To make matters even more dangerous for Israel, the post-1967 friendship with the United States meant that Israel kept consulting with the Americans every stage of the war. I have no doubt that it almost lost us the war and the independence of the country. The Nixon-Kissinger aim was to make Israel more a protectorate of the United States.  For some of you the time-line may be vague, like ancient history, but you should now that the modern State of Israel was only nineteen years old in 1967, and the Yom Kippur War was just six years later, making it twenty-five years old.  Israel is now sixty-three years old.  It has existed more than triple the time from Independence to 1967.  That famous "green line" was in effect as a temporary cease-fire line for barely eighteen years, from 1949.  That's bupkes in world history or the History of the Jewish People, which is thousands of years long.

Post 1967,  5727 in the Jewish Calendar, Israel wasn't emotionally prepared for such a war.  It had been easier to believe the myth that we were invincible and the Arabs were terrified of us.  That's why many/most Israelis consider it the worst war we ever fought, similar to a defeat.  I disagree on that.  I consider the victory, and don't forget that if we had been G-d forbid defeated we would have been massacred and destroyed, Israel's greatest victory.  Rising up from such an attack, a surprise attack, showed more military might than even in 1967 when we prepared.

As we enter this Yom Kippur, and I mourn the friends killed in 1973, I pray that our country's leaders gain wisdom to enable the State of Israel to thrive, rather than live in fear of another attack.

Thanks to West Bank Mama for inspiring me to blog about it.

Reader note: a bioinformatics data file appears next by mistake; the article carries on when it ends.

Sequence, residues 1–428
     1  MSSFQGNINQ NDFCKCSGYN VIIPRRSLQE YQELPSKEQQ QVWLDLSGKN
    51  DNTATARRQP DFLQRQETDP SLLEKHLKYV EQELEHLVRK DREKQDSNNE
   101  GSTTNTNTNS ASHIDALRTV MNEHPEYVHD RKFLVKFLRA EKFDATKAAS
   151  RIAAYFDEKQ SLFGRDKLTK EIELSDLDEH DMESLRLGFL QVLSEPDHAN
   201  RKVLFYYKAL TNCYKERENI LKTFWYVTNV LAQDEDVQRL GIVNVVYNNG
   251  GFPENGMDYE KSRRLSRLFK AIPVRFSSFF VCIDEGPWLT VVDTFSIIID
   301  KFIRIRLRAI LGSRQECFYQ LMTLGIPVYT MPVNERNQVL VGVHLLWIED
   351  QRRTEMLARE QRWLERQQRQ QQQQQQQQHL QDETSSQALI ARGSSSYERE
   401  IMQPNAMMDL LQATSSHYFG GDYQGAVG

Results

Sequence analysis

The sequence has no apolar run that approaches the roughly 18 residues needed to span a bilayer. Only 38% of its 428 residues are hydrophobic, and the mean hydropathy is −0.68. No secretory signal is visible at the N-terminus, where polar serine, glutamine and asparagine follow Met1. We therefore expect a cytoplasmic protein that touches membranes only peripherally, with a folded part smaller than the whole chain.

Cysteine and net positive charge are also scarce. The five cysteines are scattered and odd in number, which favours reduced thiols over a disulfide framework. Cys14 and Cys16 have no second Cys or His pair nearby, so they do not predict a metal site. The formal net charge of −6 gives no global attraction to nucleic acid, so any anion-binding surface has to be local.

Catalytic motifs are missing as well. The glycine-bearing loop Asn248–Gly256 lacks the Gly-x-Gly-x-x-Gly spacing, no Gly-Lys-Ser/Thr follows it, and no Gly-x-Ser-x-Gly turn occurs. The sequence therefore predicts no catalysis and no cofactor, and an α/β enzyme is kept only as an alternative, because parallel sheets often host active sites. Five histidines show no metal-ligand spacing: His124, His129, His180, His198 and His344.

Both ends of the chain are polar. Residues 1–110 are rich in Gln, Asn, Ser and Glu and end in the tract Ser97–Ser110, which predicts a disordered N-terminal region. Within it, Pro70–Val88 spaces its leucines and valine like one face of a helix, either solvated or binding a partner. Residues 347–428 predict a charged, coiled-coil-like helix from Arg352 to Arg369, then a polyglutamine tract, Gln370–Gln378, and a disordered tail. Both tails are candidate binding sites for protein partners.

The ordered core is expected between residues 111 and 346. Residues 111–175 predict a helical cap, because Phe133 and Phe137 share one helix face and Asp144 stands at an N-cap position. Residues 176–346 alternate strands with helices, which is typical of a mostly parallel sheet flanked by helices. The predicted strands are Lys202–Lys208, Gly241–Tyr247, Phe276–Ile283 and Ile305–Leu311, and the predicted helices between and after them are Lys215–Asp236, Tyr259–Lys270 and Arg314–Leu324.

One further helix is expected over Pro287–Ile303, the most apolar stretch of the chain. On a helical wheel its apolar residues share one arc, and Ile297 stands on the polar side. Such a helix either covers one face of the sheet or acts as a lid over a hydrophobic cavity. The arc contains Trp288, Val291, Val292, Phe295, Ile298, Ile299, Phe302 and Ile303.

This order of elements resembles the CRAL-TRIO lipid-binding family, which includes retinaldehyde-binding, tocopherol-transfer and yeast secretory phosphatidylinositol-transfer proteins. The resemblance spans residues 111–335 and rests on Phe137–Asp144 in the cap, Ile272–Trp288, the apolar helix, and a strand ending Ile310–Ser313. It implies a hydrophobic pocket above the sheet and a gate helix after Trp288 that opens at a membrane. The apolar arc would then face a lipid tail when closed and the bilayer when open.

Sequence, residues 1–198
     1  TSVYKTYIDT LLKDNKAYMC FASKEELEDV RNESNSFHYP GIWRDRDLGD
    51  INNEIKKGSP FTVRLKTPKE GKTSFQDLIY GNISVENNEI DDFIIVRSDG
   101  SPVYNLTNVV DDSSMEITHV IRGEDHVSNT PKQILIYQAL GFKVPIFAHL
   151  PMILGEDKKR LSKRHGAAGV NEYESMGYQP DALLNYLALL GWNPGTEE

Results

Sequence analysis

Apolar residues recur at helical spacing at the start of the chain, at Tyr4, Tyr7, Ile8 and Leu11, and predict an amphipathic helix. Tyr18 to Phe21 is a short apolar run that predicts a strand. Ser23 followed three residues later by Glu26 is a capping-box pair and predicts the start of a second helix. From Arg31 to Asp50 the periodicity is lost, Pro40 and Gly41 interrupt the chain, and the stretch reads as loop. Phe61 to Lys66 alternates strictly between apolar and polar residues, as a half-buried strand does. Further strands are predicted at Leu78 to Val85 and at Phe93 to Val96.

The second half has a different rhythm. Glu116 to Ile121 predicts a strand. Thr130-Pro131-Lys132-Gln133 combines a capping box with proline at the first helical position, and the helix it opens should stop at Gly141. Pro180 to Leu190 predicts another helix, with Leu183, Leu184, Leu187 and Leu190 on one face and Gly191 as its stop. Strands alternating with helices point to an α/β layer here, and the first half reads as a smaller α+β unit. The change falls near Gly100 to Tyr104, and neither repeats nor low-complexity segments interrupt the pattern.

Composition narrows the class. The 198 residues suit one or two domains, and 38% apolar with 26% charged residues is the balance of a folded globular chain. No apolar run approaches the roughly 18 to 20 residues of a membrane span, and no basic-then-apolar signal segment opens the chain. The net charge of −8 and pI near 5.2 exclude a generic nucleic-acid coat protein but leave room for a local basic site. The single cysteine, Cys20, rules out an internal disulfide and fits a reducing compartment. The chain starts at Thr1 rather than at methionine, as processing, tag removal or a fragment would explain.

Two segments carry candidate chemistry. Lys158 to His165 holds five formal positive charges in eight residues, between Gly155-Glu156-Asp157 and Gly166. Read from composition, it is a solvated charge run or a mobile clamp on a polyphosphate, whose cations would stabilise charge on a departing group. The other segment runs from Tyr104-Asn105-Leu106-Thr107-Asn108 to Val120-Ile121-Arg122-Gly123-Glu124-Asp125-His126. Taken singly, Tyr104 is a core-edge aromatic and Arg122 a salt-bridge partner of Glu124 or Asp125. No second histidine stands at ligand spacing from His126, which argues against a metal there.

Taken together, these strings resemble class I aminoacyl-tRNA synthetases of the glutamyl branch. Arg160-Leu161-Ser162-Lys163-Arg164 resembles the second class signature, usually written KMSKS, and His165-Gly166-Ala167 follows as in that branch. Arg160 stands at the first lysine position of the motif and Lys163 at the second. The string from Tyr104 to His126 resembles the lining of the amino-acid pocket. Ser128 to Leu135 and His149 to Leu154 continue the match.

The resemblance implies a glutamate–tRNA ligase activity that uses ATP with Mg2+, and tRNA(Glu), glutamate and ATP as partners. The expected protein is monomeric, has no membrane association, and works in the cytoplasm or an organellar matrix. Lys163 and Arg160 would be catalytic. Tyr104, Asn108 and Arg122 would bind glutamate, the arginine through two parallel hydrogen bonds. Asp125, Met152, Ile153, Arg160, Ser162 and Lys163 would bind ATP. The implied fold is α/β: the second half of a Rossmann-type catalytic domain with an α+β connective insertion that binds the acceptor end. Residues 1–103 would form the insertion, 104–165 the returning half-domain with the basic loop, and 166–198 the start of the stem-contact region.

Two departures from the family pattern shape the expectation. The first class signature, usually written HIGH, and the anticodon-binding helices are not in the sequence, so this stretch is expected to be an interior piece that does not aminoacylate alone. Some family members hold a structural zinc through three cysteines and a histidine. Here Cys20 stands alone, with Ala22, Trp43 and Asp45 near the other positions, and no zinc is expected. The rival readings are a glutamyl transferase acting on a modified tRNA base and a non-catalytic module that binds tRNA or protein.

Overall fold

Daniel said...

It wasn't much of a victory. The labor party feeling threatened by Sharon ( as a new leader of the Likud) ,held him back at Ismailia resulting in a defeat. And the last three battles Ismailia, Suez and Missouri, were losses. The army on the west back was almost as vulnerable as the trapped third army. Moreover, the combined Syrian, Jordanian, and Iraqi counterattack in the golan near the end did retake some ground. So even if you call it a victory , it was quite Pyrric.

in the vanguard said...

Better your chances, and that of Eretz Yisrael, by praying for Moshiach!!

Anonymous said...

I would correct your first line to "the ASHKENAZIC prayer." the prayer is not part of the traditional sephardic nusach. sorry to intrude on an otherwise great moving post.

Batya said...

Daniel it was a great victory. First of all, it's either win or lose. Like in baseball, a win after you're down in the 9th, or in tennis, you can go from match point to defeat. Those are amazing games for the winner. We were definitely down in the 9th on two fronts.

van, praying along with all other methods for sure. But to be honest, Rememption will bring the Moshiach. I have no doubt that the Moshiach has been here many times and left. Accepting the will of G-d and the Moshiach are something else.

a, stand corrected